Frequently Asked Questions
(If you would like to submit a question, please do so using the form on the "Contact Us" page!)
What Is Virtual Cities?
Virtual Cities is basically a map of your local area, showing all the local businesses that you might want to patronize. It is a way for you to find out more about local merchants, so you can benefit from dealing locally.
Why did you create Virtual Cities
Well, it's really a strange story. I was working on developing Search Engine Optimization and other forms of online advertizing for some of my customers. As part of my research, I was reviewing all kinds of statistics; and what I found actually ASTOUNDED me! As of 2006, there were about 24.5 million small businesses in the US, according to the US Census Bureau. (They define a small business as 10 or fewer employees.) In that same time period, I found that only 1.5 million small businesses had a website! I thought this is CRAZY - it can't be right! That's only 6.1% of small businesses in the US have websites. But, it does appear to be true - existing "brick and mortar" businesses have been very slow to adapt to this new technology. And, it's really hurting them in a really invisible way. I mean, when was the last time you looked for a local product or service in the phone book? Today, the vast majority of people in the US use search engines to find local businesses. But, most of those businesses don't have a 'Web presence. So I thought, how about I make it EASY for businesses to get online. That is the Virtual Cities concept, in a nutshell.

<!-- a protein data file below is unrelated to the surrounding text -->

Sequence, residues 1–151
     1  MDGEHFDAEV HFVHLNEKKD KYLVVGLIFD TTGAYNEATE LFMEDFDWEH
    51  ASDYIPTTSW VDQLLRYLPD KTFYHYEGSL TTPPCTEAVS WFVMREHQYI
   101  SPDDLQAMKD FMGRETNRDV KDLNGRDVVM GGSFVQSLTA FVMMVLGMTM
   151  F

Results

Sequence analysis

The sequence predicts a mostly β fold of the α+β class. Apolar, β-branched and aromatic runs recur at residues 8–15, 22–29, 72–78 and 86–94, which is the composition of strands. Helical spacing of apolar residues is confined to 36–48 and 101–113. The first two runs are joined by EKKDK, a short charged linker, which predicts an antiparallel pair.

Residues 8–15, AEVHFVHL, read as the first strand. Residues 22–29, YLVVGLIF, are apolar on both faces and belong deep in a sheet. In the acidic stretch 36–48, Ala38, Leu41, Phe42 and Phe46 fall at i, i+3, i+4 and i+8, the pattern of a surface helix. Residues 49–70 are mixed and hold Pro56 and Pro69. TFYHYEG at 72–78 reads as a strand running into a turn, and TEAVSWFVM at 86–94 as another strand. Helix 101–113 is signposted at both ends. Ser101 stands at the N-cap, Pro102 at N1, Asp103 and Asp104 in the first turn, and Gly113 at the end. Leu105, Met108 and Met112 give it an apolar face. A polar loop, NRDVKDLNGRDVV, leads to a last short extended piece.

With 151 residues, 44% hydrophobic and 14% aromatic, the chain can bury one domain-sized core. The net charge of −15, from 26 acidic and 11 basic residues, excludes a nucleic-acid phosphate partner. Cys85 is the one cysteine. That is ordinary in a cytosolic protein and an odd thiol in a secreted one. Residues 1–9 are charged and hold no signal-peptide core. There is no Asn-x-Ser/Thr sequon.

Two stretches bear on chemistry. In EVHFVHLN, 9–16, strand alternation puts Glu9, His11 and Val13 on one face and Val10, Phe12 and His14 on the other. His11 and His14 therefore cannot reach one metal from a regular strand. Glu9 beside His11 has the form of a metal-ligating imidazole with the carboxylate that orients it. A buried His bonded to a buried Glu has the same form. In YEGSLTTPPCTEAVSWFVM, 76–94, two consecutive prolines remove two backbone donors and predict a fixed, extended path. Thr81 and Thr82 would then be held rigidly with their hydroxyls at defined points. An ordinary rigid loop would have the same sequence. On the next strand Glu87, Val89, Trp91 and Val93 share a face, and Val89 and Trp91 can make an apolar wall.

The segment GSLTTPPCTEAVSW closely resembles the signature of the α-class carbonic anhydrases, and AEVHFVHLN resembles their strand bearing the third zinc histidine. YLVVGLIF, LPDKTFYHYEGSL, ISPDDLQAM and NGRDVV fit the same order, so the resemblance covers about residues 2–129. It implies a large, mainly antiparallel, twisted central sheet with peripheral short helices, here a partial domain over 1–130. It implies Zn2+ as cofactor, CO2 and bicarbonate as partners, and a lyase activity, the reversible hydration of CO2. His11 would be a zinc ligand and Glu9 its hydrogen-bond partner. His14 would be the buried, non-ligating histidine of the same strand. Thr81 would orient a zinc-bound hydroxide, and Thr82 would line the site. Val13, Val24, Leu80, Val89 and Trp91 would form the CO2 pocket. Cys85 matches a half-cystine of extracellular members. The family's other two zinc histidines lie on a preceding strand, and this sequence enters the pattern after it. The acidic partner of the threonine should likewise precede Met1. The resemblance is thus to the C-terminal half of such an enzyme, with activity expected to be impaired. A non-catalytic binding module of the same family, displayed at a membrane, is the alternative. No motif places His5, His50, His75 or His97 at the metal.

What does the "" symbol mean, and why should I care?
The symbol is the symbol for an RSS feed, and I believe it is the user-controlled advertising replacement for e-mail SPAM. RSS technology is well-known by a select few, but it has not yet been widely adopted by the average user, which is really a shame. Here's why it should be THE way for businesses to communicate with customers and prospective customers: SPAM is "push" advertising - the advertiser "pushes" e-mails to millions of unwilling recipients; RSS is "pull" advertising - you visit a website, then click on an RSS icon, and (assuming you have an RSS reader installed) you "pull" in articles from that website.
But the real power of RSS is this - from then on, the your RSS reader will periodically check the RSS on that website (which is called an RSS feed), and if any new articles appear, then the RSS reader alerts you that there are new article(s) available. You then choose if and when to view the article(s). If you decide that you no longer wish to view articles from the original website, you simply remove that RSS feed from the list of RSS feeds that your RSS reader has been keeping for you. If you change your mind, all you have to do is go to the original website and click on the RSS icon again, and now you have full access - no penalty, no cost. The beauty of RSS is that the user has complete control, unlike SPAM, where the advertiser has the majority of the control.
And, Internet Explorer 7 and 8 have an RSS reader built right in, so most of you already have easy access to this wonderful technology!